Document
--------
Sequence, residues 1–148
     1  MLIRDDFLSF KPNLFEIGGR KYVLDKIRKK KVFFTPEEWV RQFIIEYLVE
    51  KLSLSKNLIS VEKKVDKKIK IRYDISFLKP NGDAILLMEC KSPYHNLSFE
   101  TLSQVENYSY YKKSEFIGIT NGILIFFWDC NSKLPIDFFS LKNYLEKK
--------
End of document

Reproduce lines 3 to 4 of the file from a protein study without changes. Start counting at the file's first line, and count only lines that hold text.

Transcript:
    51  KLSLSKNLIS VEKKVDKKIK IRYDISFLKP NGDAILLMEC KSPYHNLSFE
   101  TLSQVENYSY YKKSEFIGIT NGILIFFWDC NSKLPIDFFS LKNYLEKK